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New study by Prof. David Abrams and co-authors confirms racial bias in criminal sentencing

August 22, 2012

David S. Abrams
David S. Abrams
Taking a fresh approach to long-standing problem in the study of crime, University of Pennsylvania Law School professor David S. Abrams and colleagues have demonstrated conclusively for the first time that racial bias affects judicial sentencing decisions.

Taking a fresh approach to long-standing problem in the study of crime, a University of Pennsylvania Law School professor and colleagues at the University of Chicago and Harvard University have demonstrated conclusively for the first time that racial bias affects judicial sentencing decisions.

In a new paper entitled “Do Judges Vary in their Treatment of Race?” forthcoming in the Journal of Legal Studies,  David S. Abrams, assistant professor of law, business and public policy at Penn Law, and his co-authors, Marianne Bertrand of the University of Chicago and Sendhil  Mullainathan of Harvard, offer statistical proof that the answer is “yes.”

Whether racial discrimination affects criminal sentencing is a matter of contentious debate among scholars and the general public alike, in part, because it contradicts a bedrock constitutional commitment to equal protection of the law.

Social scientists have studied the issue for decades, but the seemingly simple question “Does race affect sentencing?” is surprisingly difficult to answer on the basis of empirical evidence.

Abrams explains: “The most straightforward way you might look at it is to say, ‘Let’s look at what sentences people get and see whether sentence length varies by race. If it looks like people of one race receive longer sentences than another, that might indicate that the criminal justice system is unfair. But the shortcoming to that approach is that it’s also possible that sentences can differ for many reasons; for example, it’s possible people of different races might have different criminal histories on average, and that could also explain the difference in sentence length.”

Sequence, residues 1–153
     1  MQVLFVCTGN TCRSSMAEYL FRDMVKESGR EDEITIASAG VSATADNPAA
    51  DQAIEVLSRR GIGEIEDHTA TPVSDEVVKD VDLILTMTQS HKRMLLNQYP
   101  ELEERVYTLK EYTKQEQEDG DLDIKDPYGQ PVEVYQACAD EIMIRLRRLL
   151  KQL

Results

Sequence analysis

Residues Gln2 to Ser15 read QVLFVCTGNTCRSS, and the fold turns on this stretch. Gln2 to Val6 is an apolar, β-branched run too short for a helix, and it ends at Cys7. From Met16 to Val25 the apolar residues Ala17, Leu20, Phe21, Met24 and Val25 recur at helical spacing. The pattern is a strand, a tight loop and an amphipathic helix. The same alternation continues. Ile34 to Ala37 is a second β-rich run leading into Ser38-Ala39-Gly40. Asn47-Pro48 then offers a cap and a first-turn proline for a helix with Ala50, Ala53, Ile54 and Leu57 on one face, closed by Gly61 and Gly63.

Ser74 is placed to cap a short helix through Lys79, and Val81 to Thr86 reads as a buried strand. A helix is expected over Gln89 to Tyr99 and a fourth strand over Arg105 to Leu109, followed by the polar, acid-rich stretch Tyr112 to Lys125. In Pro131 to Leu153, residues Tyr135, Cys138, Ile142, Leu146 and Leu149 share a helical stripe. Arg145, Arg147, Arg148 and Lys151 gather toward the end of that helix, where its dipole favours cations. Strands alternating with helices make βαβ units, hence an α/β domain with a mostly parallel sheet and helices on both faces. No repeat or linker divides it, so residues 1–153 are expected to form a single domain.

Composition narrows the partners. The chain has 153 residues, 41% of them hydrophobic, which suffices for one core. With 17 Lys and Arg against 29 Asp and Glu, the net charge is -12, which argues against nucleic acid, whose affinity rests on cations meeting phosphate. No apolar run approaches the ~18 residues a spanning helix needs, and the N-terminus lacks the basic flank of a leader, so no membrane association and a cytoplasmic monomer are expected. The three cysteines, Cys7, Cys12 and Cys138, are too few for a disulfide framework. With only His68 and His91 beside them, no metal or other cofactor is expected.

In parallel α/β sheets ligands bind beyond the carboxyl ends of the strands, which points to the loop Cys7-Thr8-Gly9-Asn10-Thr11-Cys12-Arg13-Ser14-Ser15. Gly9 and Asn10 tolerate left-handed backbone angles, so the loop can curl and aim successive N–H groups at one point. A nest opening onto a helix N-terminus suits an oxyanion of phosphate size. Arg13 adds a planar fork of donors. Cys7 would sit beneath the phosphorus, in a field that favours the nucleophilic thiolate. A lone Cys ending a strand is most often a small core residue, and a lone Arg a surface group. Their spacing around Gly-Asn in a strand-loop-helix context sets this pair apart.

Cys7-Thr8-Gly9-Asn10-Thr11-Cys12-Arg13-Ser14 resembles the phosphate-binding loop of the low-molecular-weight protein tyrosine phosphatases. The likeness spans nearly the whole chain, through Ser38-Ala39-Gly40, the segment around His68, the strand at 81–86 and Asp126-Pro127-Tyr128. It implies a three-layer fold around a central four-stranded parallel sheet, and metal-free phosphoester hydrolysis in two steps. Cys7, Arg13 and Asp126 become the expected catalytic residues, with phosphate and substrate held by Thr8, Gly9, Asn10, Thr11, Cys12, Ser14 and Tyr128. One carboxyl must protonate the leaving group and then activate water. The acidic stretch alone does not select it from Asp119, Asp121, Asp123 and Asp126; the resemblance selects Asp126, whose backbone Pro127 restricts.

To address that difficulty social scientists have traditionally applied control variables to standard regression equations, a statistical method for identifying significant correlations between observed events. For instance, controlling for type of crime committed or for the defendant’s criminal history, researchers look to see whether the results of their equation still show racial disparity.

“The problem with that is you still leave the possibility that any differences you see are due to unobserved variables, differences that might be there but that you can’t control for,” Abrams says. “That might be demeanor in the courtroom, it might be the quality of the attorney you can afford, it might be some details about the crime that you might not capture in your data. If those things are correlated with race, which they probably are, you’re not going to know whether the effect you think you’re detecting is really race or is something else.”

To avoid this problem of “unobservables,” Abrams, an empirical economist by training, and his colleagues take a new approach to the question.

In their study, they take advantage of the fact that the criminal justice system randomly assigns cases to judges. “What that means,” Abrams says, “is that if you have a large enough sample of cases, on average across judges they’re going to get the same types of cases, meaning the same mix of race of the defendant, the same mix of crimes.  Everything about the cases, assuming they’re randomly assigned, should be the same on average for each judge, including the variables we can’t observe.”